The deal puzzled some Yankee fans. After all, the team already had Ron Davis and Goose Gossage to nail down the final three innings of close games. As soon as Rawley arrived, speculation began that the Yankees might make another trade, this one involving Davis. Ten days later, that’s exactly what happened. The Yankees traded Davis to the Minnesota Twins for hard-hitting shortstop Roy Smalley.

Davis had pitched brilliantly in a set-up role in 1981, so that put Rawley in the unenvious position of replacing an effective and popular pitcher. At first, Rawley struggled in succeeding Davis as the Yankees’ primary set-up reliever. The Yankees also noticed a disturbing trait with their new left-hander. Unlike most relievers, Rawley needed an unusually long period of time to warm up before being ready to enter a game. If a situation developed where the Yankees suddenly needed a reliever during a late-inning jam, they couldn’t always count on Rawley being fully prepared to enter the fray.

The Yankees also realized that Rawley did not rely on just his fastball and slider, but possessed a full arsenal of pitches. In July, Yankee manager Gene Michael decided to make a bold move, sliding Rawley from the bullpen to the starting rotation. Rawley took well to the change.

While his ERA as a starter was an unimpressive 4.22, his control improved considerably. Consistently giving the Yankees six to seven innings an outing, he won seven of 12 decisions, showing enough ability that the Yankees projected him to be a fulltime starter in 1983.

Rawley would deliver his best season for the Yankees in ’83. Making 33 starts, he logged a career-best 238 innings, won 14 games, and posted a solid ERA of 3.78.

Still only 27 years old, Rawley appeared ready to become a mainstay in the Yankee rotation.

Given his success in 1983, the events of the 1984 season could not have been anticipated. Plagued by shoulder trouble and sore ribs, Rawley made only 10 starts in April, May and June, and pitched so poorly that his ERA rose above 6.00. His velocity dropped significantly, to the point that Yankee catcher Butch Wynegar had difficulty distinguishing between Rawley’s fastball and his change-up.

Trade rumors began to envelop Rawley. One rumor had him going to the Philadelphia Phillies for Gold Glove center fielder Garry Maddox. For his part, Rawley did not want to leave the Yankees.

“I like it here,” the left-hander told the Sporting News. “I enjoy being a Yankee. And I think I can win a lot of games for them.”

In June, the unwanted trade became reality. The Yankees dispatched with Rawley, sending him to the Phillies, but not in a deal for Maddox. Instead, the Yankees settled on injury-plagued right-hander Marty Bystrom and minor league outfielder Keith Hughes. Just like that, Rawley was an ex-Yankee, and his 1984 Fleer card was now out of date.

The change of teams and leagues did wonders for Rawley. Immediately inserted into the Phillies’ rotation, he won 10 of 16 decisions and lowered his ERA to 3.81. The following year, he pitched even better, as evidenced by his career best 3.31 ERA. He would remain effective over the next two seasons, winning a combined 28 games and earning an All-Star Game selection in 1986.

That same summer, Phils pitching coach Claude Osteen raved about Rawley.

“Shane’s genuinely interested in being the best pitcher on our staff, and I think he has become that,” Osteen told the Albany Times Union. “He likes the idea of being the man we look to when we need to stop a losing streak or win a big game… [Lefty] Steve Carlton always responded to a challenge, and Shane does, too.”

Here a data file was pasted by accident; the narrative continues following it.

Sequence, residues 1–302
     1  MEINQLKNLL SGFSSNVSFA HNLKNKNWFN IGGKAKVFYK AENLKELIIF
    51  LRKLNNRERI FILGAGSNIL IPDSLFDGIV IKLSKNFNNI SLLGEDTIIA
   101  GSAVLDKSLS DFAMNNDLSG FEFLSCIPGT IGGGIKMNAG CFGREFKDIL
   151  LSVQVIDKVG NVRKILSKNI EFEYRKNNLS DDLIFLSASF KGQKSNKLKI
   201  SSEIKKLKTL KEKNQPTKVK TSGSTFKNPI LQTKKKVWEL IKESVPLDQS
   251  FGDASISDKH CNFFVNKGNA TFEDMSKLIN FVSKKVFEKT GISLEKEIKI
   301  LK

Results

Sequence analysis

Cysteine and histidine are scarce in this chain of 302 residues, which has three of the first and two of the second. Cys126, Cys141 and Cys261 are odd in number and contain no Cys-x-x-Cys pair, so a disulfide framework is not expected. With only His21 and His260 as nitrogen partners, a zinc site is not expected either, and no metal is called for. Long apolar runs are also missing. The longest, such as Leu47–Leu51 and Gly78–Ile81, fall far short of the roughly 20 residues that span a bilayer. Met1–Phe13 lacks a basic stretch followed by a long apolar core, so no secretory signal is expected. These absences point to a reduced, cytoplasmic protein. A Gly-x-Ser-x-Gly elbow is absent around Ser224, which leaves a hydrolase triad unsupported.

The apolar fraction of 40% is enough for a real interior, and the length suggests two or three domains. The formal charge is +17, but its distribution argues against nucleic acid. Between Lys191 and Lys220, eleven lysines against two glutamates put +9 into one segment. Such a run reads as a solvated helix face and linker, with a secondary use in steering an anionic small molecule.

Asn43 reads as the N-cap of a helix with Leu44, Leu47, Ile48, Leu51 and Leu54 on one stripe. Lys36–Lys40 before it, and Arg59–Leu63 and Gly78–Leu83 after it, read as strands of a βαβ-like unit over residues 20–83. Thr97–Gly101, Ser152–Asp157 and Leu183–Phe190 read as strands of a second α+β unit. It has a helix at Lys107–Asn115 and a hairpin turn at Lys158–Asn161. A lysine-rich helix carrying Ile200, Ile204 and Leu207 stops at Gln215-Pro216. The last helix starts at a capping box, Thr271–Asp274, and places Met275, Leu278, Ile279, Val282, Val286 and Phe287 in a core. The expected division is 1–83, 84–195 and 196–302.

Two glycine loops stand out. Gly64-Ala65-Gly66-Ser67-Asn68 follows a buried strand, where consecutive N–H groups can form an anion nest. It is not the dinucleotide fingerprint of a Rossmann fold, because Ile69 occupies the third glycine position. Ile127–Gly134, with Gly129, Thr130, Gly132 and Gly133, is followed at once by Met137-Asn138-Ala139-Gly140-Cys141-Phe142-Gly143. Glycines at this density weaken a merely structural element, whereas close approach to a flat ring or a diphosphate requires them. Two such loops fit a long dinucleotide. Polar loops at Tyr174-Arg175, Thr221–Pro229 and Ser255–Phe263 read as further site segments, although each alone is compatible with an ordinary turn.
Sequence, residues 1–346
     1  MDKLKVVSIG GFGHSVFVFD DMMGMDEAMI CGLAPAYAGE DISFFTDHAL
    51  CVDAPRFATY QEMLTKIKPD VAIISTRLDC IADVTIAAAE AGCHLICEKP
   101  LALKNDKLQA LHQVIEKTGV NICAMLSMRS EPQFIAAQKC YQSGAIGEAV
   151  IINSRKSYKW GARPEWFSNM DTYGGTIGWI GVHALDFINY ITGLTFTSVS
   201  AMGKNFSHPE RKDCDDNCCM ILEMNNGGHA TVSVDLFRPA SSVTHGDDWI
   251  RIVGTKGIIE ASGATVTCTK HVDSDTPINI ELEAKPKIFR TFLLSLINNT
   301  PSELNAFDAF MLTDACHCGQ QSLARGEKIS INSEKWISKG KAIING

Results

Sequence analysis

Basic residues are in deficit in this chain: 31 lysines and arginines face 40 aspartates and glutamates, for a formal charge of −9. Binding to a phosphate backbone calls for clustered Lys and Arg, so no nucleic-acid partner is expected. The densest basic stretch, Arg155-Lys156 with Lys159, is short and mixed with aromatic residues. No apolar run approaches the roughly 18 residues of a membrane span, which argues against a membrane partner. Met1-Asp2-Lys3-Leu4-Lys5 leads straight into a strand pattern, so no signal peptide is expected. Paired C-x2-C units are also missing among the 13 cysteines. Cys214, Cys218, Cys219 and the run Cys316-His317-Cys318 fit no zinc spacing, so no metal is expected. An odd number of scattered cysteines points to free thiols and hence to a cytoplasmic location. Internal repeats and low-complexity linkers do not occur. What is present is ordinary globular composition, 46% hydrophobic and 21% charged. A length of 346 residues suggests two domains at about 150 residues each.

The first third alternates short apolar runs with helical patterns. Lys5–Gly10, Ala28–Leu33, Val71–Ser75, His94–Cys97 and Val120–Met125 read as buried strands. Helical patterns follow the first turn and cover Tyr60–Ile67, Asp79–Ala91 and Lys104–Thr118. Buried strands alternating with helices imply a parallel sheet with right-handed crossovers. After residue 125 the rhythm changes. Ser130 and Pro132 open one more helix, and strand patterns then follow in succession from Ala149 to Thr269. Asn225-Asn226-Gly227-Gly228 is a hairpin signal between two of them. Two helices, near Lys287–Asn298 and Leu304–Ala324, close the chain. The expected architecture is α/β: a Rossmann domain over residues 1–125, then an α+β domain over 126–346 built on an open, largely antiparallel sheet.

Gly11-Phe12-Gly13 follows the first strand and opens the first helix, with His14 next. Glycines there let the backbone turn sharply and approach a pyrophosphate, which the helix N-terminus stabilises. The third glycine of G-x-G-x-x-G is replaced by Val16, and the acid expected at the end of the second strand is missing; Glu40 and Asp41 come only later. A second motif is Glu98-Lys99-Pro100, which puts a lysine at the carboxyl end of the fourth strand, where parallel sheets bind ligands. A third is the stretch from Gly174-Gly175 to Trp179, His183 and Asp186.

Unfortunately, Rawley’s season hit a major setback in late July, when he suffered a fractured bone below his shoulder while delivering a pitch. Rawley heard a “crack” as he released the ball and immediately felt pain in the back of his shoulder. At the height of his success, Rawley’s season had come to an end.

In 1987, Rawley made a strong comeback and accumulated a career high total of 123 strikeouts. The following year, a lack of run support contributed to an 8-16 record. After the season, the Phillies traded their onetime ace to the Minnesota Twins for a three-player package that included veteran second baseman Tom Herr and catcher Tom Nieto.

The 1989 campaign would turn out to be Rawley’s final major league season. His ERA soared to 5.21, while his strikeout rate dropped precipitously. After the season, Rawley moved on to free agency, but in this case, free agency simply translated into a difficult job search. He settled for a non-guaranteed contract with the Boston Red Sox, who brought him to Spring Training. But Rawley failed to make the Red Sox’ roster, his career coming to an end at the age of 33.

Rawley’s association with baseball also ended with his retirement as a player. Toward the latter stages of his career, he had decided to dabble in screenwriting. More specifically, he wrote a script for a baseball-themed episode of Miami Vice, the hit show on NBC.

“I did it on a whim and sent it in,” Rawley told USA Today. “They sent it back, said it had some merit, and [said] thanks, but no thanks.”

Rawley also tinkered with a novel, but it did not reach the publishing stage. The novel centered on the theme of flying, another one of his interests. A licensed pilot, Rawley once owned a Cessna 182 before deciding to sell the aircraft.

Settling in Sarasota, Fla., Rawley turned to the restaurant business. He now owns “Shaner’s,” an establishment that specializes in thin-crust pizza. Rawley is known to socialize with many of his dining patrons, often performing card tricks for younger family members in attendance.

It has been a long, winding road for Rawley. While he never quite became the star that the Yankees and Mariners had anticipated, he did become a very good pitcher in Philadelphia. And while Miami Vice rejected his attempt at television glory, Rawley has found success pitching pizzas instead of fastballs.

Bruce Markusen is the manager of digital and outreach learning at the National Baseball Hall of Fame

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Part of the CARD CORNER series